Each mold 100 of FIG. 2 has at least one vent hole 120 that allows egress of air that is displaced by the encapsulant. The vent 120 fans outward between an inside end 121 and an outside end 122 (best seen in FIGS. 3A and 4). The vent 120 has a cross section that increases in area from the inside end 121 to the outside end 122. The width of the vent 120 also increases in area from the inside end 121 to the outside end 122. In the exemplary mold 100, a fan-out angle α of 10 degrees is used, but other fan-out angles are contemplated. The exemplary vent has a width of 0.70 mm at its inside end 121, and a depth of 0.035 mm. Other vent sizes may be used within any constraints imposed by the location of leads at the corner of the leadframe 156.

The air vent 120 of exemplary mold 100 has a cross section (shown in FIG. 3B) that is substantially rectangular. Any vent hole in the shape of a truncated triangular prism, a trapezoidal prism or a frustum may be used. The shape of the exemplary vent hole 120 is substantially a trapezoidal prism having two sides that are rectangles, a trapezoidal top, and a trapezoidal bottom. The trapezoidal bottom is best seen in FIGS. 3A and 4.

Alternatively, the shape of the vent hole may be substantially a truncated pyramid (not shown) in which the depth of the vent varies, or a truncated cone (not shown), in which case, the cross section of the vent would be circular. If the vent is only formed in one half of the mold, the vent may be a portion of a cone, such as a half cone. The vent may be a portion of a cone subtending an angle of less than 180 degrees about the longitudinal axis of the vent hole. Alternatively, the vent hole may have a cross section that is elliptical, or a portion of an ellipse.

The exemplary vent 120 need not increase the size of the inside end 121 of the vent, relative to a conventional vent (such as that shown in FIG. 1). A small width at the inside end 121 is desirable, because increasing the width of the inside end of the vent could result in interference between the vent and the leads of the lead frame, if the corner external leads lie close to the air vent. By maintaining a small width at the inside end 121 of the vent, small pitch between leads at the corners can be accommodated. In the exemplary embodiment of the invention, by increasing the cross sectional area of the outside end of the vent 120, removal of mold flash during mold cleaning is made much easier. By fanning out the vent 120, the vents can be cleaned more easily without increasing filling pressure, increasing the depth of the vent, or requiring more frequent cleaning.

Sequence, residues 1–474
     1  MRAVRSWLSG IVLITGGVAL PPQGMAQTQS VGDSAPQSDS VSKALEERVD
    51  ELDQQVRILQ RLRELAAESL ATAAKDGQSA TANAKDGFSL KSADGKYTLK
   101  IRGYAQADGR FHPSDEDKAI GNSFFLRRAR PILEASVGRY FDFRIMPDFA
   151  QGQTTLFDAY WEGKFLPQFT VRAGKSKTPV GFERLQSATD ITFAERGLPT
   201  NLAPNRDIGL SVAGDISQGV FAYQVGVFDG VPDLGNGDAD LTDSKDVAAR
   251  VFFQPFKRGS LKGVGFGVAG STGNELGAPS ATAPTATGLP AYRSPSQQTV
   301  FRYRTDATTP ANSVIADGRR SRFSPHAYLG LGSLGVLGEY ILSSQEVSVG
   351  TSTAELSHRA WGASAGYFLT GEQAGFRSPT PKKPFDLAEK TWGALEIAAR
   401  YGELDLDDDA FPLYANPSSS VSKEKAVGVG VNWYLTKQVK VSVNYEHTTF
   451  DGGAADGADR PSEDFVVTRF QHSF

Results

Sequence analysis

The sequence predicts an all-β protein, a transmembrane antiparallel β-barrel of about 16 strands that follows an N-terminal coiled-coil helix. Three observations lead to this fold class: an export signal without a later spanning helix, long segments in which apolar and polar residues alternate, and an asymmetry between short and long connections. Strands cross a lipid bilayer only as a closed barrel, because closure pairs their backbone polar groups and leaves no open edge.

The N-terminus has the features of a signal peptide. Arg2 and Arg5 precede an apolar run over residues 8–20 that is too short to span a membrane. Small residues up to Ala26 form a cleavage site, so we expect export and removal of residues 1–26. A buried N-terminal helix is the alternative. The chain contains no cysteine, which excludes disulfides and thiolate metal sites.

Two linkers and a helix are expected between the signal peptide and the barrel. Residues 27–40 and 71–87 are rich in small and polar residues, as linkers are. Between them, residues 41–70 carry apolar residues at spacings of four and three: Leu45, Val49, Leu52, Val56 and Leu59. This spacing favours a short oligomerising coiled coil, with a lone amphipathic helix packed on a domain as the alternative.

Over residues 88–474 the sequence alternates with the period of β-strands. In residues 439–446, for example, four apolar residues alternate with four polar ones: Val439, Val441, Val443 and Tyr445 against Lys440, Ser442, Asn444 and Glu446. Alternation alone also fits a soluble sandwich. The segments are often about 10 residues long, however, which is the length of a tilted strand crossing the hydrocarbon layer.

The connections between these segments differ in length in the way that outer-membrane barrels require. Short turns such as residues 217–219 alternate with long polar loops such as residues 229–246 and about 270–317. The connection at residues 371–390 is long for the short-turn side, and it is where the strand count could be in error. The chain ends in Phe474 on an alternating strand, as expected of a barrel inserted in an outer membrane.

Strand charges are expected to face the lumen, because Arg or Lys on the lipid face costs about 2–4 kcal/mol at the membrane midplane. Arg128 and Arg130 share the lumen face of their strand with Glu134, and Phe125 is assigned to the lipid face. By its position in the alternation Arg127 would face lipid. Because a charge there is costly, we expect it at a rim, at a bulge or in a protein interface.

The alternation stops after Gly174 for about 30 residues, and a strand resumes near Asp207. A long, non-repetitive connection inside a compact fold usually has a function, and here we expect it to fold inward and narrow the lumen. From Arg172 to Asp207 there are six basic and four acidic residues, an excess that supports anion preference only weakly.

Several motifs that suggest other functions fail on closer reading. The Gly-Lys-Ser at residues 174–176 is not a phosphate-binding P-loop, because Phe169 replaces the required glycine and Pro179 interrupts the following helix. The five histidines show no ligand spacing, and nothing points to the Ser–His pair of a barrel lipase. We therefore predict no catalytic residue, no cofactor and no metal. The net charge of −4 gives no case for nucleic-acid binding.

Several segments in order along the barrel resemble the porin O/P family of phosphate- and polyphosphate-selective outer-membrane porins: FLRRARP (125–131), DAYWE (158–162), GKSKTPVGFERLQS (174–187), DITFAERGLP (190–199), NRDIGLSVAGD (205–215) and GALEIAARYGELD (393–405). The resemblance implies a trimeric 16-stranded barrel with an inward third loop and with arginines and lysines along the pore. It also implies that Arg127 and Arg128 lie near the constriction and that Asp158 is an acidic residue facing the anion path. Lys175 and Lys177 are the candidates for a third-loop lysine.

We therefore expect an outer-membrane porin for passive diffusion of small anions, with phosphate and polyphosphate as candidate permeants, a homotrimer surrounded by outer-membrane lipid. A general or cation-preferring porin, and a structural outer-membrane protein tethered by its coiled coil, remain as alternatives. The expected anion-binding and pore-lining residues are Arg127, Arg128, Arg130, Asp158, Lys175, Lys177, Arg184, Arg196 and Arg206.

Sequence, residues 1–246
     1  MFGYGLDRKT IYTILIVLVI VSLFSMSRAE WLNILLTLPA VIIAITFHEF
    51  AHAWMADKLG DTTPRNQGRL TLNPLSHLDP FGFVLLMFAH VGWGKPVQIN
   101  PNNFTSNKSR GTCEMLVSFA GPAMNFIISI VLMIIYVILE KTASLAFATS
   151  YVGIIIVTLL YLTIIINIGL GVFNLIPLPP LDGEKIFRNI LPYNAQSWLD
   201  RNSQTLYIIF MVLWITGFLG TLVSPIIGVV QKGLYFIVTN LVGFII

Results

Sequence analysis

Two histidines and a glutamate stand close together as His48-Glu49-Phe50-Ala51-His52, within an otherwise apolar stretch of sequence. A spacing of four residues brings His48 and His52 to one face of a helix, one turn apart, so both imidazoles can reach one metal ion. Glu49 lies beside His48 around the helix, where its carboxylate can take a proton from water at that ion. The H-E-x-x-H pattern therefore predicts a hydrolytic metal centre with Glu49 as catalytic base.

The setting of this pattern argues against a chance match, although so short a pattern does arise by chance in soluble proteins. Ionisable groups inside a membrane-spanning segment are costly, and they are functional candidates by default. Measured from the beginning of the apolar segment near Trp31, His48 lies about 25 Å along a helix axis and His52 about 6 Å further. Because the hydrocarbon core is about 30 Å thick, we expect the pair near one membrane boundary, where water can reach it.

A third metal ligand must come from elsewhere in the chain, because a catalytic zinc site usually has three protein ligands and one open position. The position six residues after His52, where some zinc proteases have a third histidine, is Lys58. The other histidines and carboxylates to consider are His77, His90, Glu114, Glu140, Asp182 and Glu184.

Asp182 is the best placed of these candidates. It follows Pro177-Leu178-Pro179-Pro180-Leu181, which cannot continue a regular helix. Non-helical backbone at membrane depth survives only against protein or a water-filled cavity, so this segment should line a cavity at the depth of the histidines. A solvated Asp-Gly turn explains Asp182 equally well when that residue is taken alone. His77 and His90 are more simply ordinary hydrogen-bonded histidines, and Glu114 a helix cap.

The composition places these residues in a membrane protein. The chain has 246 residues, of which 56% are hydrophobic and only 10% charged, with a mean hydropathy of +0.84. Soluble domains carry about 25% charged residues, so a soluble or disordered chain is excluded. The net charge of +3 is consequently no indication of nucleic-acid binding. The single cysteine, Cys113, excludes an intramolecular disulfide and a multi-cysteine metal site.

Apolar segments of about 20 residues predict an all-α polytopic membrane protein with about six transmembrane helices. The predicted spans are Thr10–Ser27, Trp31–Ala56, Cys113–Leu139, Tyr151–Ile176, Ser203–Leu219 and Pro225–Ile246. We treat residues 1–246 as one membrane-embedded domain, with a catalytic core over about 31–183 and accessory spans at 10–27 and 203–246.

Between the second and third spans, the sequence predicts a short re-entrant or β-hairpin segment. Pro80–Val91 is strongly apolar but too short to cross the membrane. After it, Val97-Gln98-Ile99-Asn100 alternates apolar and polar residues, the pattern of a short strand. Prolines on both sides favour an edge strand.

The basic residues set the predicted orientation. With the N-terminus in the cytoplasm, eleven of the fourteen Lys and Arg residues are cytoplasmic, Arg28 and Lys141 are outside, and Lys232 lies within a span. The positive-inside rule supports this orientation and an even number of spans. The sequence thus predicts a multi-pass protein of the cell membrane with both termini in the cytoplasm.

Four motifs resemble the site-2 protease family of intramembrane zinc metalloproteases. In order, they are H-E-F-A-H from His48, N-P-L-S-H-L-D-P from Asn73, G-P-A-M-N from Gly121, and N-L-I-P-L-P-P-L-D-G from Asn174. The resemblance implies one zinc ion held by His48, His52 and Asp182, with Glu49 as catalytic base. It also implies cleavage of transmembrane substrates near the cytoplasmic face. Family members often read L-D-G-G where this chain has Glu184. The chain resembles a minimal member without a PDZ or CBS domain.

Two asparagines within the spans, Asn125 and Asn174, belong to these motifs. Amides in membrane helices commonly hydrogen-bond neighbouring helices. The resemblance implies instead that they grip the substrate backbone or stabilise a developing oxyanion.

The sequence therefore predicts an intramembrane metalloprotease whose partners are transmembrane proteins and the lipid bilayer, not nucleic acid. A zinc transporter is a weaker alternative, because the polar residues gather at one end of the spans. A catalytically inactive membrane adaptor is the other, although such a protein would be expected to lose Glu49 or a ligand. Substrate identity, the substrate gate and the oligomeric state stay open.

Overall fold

The fanned out vent 120 is simple and inexpensive to implement, and does not require any expensive machining technology to fabricate the mold 100. If the mold 100 is cast, the vent 120 is included in the casting. If the mold 100 is machined, then vent 120 is easily formed using conventional milling machines and the like. Further, a pre-existing mold can be easily machined to include the fanned-out vent 120.

Reference is again made to FIG. 2. Preferably, at least one vent hole 120 is positioned at a corner 123 of the mold 100. In the exemplary embodiment, there are three vents 130 at three different corners of the mold 100. The provision of three vents 120 at three corners 123 allows air to egress uniformly from different portions of the mold 100, so that there is less likelihood of the clogging of a single vent deteriorating the filling of the mold. Using the exemplary mold 100, the mold is filled with the material to be molded, so as to displace substantially all air from the mold.

A method according to the invention for encapsulating an integrated circuit 152 includes the step of providing a mold 100 having at least one vent hole 120 that allows egress of air. The vent 120 has an inside end 121 and an outside end 122. The vent 120 has a cross section that increases in area from the inside end 121 to the outside end 122.

The integrated circuit chip 152 is bonded to a lead frame 156 using a known technique such as wire bonding. The assembly including the integrated circuit 152 and the lead frame 156 is placed within the mold 100. The top and bottom half of the mold assembly 101 are clamped together. The encapsulant material 154 to be molded is injected into the mold 100 to encapsulate the integrated circuit 152. The encapsulant material may be, for example, a thermoplastic molding compound or a resin. An exemplary resin is Novolac epoxy compound, but any suitable encapsulant may be used.

After the injection process is completed and the encapsulant allowed to solidify, the halves of mold 100 are opened and the encapsulated integrated circuit assembly 150 is removed.